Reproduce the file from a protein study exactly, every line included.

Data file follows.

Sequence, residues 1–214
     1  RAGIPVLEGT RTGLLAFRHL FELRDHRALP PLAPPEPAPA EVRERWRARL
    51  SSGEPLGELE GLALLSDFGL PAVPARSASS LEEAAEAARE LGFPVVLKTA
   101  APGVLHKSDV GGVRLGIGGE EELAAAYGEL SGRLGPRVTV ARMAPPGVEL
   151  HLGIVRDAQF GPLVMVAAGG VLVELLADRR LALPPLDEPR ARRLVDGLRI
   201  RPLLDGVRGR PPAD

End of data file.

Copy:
Sequence, residues 1–214
     1  RAGIPVLEGT RTGLLAFRHL FELRDHRALP PLAPPEPAPA EVRERWRARL
    51  SSGEPLGELE GLALLSDFGL PAVPARSASS LEEAAEAARE LGFPVVLKTA
   101  APGVLHKSDV GGVRLGIGGE EELAAAYGEL SGRLGPRVTV ARMAPPGVEL
   151  HLGIVRDAQF GPLVMVAAGG VLVELLADRR LALPPLDEPR ARRLVDGLRI
   201  RPLLDGVRGR PPAD